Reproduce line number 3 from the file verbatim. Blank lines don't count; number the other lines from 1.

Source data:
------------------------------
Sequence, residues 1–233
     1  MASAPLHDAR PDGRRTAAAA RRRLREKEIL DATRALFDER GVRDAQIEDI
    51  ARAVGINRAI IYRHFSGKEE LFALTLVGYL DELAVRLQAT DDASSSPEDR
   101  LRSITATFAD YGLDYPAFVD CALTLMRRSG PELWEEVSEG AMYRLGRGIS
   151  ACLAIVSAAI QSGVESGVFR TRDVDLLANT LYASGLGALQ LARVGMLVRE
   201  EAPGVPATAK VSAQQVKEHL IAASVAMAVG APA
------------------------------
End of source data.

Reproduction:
    51  ARAVGINRAI IYRHFSGKEE LFALTLVGYL DELAVRLQAT DDASSSPEDR